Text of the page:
|Bee Keeping Fresh Honey Considering frugal|
Little did I know what that would turn into...
from Distributing Honey
It all started very innocently, when I bought some wholesale honey in bulk. As more and more friends and family caught on, our co-op grew until, when we decided to move to Wyoming, this was one of the few pieces of our life I didn't want to leave behind. So, after some encouragement from our beekeeper friend, I thought, "well, if we are moving that far, I think I would like to do this too!"
So my girl and I started dreaming about the farmers market, the beeswax candles, the baking and making, oh the mead I will make, strawberry, blackberry, caramelized honey mead! We love making lipgloss and soaps! We would have an endless supply!...
It sounded perfect, "and if beekeeping takes patience...I already have patience!" I quickly learned though, that beekeeping is not about patience at all...its about trust. When you can't see what is going on in that box in the winter months...you start sweating bullets wondering if they are surviving the latest storm. You have to trust them.
I'm sure its no coincidence that I'm learning trust in this season of life.
Our first spring, our first swarm.
Our first spring, last spring, one of our hives lost a queen to a late and very cold spring snow. Spring snows are very common here, I had the hive set up just in time, but hadn't had time to put up a wind guard. The wind chill here in Cheyenne is usually several degrees colder than the actually temps, and the queen was hanging out right on the east side of the box where the wind always hits. Since then, we have put up a pallet to slow the wind on that side, and ironically the bees in that hive always cluster on the west side of the box. They re queened right after the storm and swarmed on the first warm day. Luckily they swarmed in the only short tree we have, and with the help of several friends, we got them back.
"He who has loved and lost is better for it!" - unknown
This winter has been weird. We had kind of a late fall, with temps staying in the 50's. And then boom, 4 degrees and icy. Unfortunately, one of my hives didn't make it through this. When I dissected the hive, I found quite a bit of brood and they were also re queening. The queen had died too. They weren't supposed to be making so much brood this time of year. It was as if the weather had confused them into some spring activities.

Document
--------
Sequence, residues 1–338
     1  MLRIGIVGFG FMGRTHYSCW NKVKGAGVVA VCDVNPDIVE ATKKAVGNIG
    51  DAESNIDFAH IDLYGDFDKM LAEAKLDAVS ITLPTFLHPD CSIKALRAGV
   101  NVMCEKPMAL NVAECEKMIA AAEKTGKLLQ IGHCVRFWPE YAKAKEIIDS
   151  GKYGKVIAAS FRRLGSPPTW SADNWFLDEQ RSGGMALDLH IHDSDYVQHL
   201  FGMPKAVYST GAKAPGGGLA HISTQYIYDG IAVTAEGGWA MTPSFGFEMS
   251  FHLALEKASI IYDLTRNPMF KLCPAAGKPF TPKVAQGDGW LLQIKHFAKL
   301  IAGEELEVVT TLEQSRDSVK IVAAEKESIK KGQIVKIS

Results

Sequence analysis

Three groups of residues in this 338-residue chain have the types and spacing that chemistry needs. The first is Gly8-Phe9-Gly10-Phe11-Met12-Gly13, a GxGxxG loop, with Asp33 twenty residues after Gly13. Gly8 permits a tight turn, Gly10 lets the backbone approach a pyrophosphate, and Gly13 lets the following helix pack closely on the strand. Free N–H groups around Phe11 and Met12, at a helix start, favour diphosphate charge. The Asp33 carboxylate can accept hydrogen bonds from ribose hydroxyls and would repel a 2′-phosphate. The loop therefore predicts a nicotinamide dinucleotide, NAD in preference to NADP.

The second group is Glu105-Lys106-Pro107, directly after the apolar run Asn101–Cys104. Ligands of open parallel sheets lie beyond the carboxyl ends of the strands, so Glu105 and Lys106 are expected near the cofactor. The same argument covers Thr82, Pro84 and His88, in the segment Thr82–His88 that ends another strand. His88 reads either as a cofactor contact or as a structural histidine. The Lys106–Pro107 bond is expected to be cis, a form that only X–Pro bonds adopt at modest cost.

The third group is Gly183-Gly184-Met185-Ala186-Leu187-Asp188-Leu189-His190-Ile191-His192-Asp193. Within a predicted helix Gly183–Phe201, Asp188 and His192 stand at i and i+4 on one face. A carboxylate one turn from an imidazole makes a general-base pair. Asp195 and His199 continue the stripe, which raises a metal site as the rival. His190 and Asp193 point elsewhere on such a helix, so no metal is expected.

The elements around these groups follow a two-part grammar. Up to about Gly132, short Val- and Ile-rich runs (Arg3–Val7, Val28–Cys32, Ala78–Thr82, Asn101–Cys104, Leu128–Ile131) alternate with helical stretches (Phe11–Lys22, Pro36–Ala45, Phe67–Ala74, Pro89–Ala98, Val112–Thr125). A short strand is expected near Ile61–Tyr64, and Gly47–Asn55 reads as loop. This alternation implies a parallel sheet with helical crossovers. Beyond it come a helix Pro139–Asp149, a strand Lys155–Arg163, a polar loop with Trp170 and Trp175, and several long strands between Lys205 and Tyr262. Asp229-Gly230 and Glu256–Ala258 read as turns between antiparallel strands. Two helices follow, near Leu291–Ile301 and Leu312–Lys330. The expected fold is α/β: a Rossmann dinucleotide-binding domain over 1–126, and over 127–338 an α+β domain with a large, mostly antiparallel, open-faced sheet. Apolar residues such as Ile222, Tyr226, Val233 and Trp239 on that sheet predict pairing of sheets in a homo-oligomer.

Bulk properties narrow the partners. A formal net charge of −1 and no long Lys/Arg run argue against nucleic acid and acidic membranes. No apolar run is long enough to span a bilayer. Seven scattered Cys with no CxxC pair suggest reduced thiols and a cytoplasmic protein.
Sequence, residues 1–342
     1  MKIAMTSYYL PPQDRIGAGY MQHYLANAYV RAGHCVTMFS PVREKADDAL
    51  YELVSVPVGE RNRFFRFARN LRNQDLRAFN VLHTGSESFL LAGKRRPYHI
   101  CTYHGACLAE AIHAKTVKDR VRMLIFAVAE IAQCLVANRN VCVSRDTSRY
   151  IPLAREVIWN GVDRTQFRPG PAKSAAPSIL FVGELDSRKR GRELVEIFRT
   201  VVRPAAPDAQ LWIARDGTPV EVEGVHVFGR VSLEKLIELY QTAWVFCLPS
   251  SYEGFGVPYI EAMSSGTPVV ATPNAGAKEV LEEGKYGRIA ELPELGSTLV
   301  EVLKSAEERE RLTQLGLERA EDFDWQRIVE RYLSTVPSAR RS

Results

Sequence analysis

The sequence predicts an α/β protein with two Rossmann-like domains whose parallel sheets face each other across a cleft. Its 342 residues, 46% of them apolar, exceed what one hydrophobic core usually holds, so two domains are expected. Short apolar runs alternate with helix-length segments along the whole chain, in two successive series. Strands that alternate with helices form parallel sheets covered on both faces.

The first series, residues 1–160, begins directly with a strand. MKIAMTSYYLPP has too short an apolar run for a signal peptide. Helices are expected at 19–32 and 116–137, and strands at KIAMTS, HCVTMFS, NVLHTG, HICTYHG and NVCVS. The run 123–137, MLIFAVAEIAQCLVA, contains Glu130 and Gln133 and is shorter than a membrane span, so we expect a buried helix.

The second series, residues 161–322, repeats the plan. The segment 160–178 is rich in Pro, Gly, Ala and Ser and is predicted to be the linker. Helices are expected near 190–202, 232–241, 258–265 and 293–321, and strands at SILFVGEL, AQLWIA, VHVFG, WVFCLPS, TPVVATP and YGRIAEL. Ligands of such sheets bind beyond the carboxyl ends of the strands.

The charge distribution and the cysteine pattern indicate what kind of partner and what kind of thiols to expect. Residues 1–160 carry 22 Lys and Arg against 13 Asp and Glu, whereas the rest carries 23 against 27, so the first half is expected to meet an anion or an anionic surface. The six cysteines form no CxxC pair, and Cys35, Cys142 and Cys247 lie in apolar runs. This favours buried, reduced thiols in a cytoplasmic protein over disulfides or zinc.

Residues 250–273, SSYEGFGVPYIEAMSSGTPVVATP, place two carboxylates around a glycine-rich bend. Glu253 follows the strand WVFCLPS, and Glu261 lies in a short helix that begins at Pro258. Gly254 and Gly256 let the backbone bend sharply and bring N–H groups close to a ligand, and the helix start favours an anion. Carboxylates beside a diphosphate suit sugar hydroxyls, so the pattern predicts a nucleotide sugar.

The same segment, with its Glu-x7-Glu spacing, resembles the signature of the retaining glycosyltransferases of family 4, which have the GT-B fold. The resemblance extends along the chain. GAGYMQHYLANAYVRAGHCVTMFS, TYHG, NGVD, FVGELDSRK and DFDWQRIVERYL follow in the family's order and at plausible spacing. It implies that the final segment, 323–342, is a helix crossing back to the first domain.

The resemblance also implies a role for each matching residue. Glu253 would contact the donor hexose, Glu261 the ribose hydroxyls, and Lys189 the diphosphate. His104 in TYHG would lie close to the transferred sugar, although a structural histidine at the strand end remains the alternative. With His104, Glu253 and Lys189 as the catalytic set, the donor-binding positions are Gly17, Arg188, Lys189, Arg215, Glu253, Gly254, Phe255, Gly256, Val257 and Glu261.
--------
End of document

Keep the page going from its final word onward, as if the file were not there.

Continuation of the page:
The hive that had swarmed last spring, so far, they are still alive and kicking. They still avoid that east corner of the box where the first queen died. They seem to remember what to do from the loss of last year.
I was surprised that the larger hive is the one that died, but I am so thankful for the bees that gave they're little lives to teach me my first lessons. When I first discovered the untimely passing, I was devastated. I really thought my dreams of harvesting honey every summer, making yummy mead for the county fair, and selling beautiful gold filled jars at the farmer's market were gone! But as I began to work through cleaning up the waste and examining the bees, I realized I was just getting started learning. It wasn't all lost. It wasn't a disease ridden hive that had to be burned. I still have an empty hive box and another living hive. I ordered spring bees for the empty box and extracted the remaining honey. From a business standpoint, it isn't really a loss.
Trust is a part of business that I never really considered before this venture. I remembered farmers and beekeepers loosing everything at once growing up in Indiana. Twenty tornadoes could come through in one night and wipe out a lifetime of work, but I never considered that those same farmers, in addition to trusting the weather, also had to trust the process of biology itself. That seems like a risky business! - the business of developing trust, the foundation of faith.
Back when we started our remodeling business in Arizona, we used to think we always needed space big enough to hold our dreams. While I still think this is true, I understand the process better than I used to. There is a push and pull in business between dreaming big and not getting emotionally attached to your venture as an investor or entrepreneur.
Some of the big time investor's will try to tell you to NEVER get emotionally attached. I don't completely agree with that either. I am learning that it is definitely a balance. I have watched many friends and acquaintances as they began to dream big...and while it is hard to watch because often times it is that moment when we are susceptible to crashing, dreaming big is also that moment when we become emotionally attached. Without the emotional attachment, we don't love our work and without the love we can't love, lose and learn and get better. If you are not emotionally attached, you don't have a dream and without dreams, life has no passion. So, my advice...GET EMOTIONALLY ATTACHED to your dream and your business.
Get emotionally attached to what you love! Know that you will lose sometimes and decide now to learn from it and get better.